Get to Know The Global Energy Balance Network
The United States finds itself in a very precarious position when it comes to its weight status. The average body mass index, which is the most consistent measurement of an individual’s weight profile, is constantly on the rise to the point where almost 70% of individuals are overweight and roughly two thirds of adults in the United States qualify as obese. The problem is potentially more troublesome in children, as children of all ages are becoming heavier and exercising less.
There are so many different reasons for this occurrence but in its most simple form, we can look to a lack of exercise and dietary behavior as main causes. As time passes on, more and more stakeholders in the concept of obesity and obesity management are trying to figure out exactly how to change the course of this development.
In the United States food system, many companies are trying to get involved in turning obesity around and reducing the country’s collective body mass index (BMI). Recently Coca Cola has come under fire for its involvement in funding an organization that offers a unique and controversial perspective in the research into the obesity epidemic with a skewed approach.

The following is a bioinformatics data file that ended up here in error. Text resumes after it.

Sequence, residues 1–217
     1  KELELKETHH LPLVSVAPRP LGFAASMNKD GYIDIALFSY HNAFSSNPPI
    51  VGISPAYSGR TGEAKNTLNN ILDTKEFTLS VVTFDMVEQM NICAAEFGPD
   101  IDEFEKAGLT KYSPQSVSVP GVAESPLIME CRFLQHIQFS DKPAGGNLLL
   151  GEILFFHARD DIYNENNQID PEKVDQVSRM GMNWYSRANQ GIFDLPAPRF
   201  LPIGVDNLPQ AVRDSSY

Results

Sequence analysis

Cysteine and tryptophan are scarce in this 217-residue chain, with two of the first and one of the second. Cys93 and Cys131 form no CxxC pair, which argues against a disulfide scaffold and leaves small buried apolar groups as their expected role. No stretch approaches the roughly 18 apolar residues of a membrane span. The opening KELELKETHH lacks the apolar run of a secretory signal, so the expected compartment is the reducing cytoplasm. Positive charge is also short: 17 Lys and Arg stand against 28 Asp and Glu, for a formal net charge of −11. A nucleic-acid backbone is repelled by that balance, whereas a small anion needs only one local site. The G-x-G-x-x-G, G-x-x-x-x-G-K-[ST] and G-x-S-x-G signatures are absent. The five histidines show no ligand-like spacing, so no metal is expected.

Coca Cola has recently donated millions of dollars to a non-profit organization that is focused on communication regarding causes for the obesity epidemic. The non-profit organization, known as The Global Energy Balance Network, asserts that the main cause for the United States’ obesity epidemic is a lack of exercise on the part of the population and less important is the dietary composition of Americans. This is quite convenient for Coca Cola, especially after there has been a slew of research pointing to sugar-filled sodas’ role in obesity.
Coca Cola and The Global Energy Balance Network are hoping that they can change the conversation surrounding obesity, leading people to believe that diet has no impact on the development of obesity. As far as health and wellness in the United States is concerned, this is quite dangerous. If people are being mislead by one of the most powerful stakeholders in the United States and worldwide food and beverage industries, we can expect significant problems to arise.
In order to promote health and wellness for all Americans, regardless of their body mass index, we need to counterbalance this misleading information with education and awareness regarding true causation of obesity and related conditions.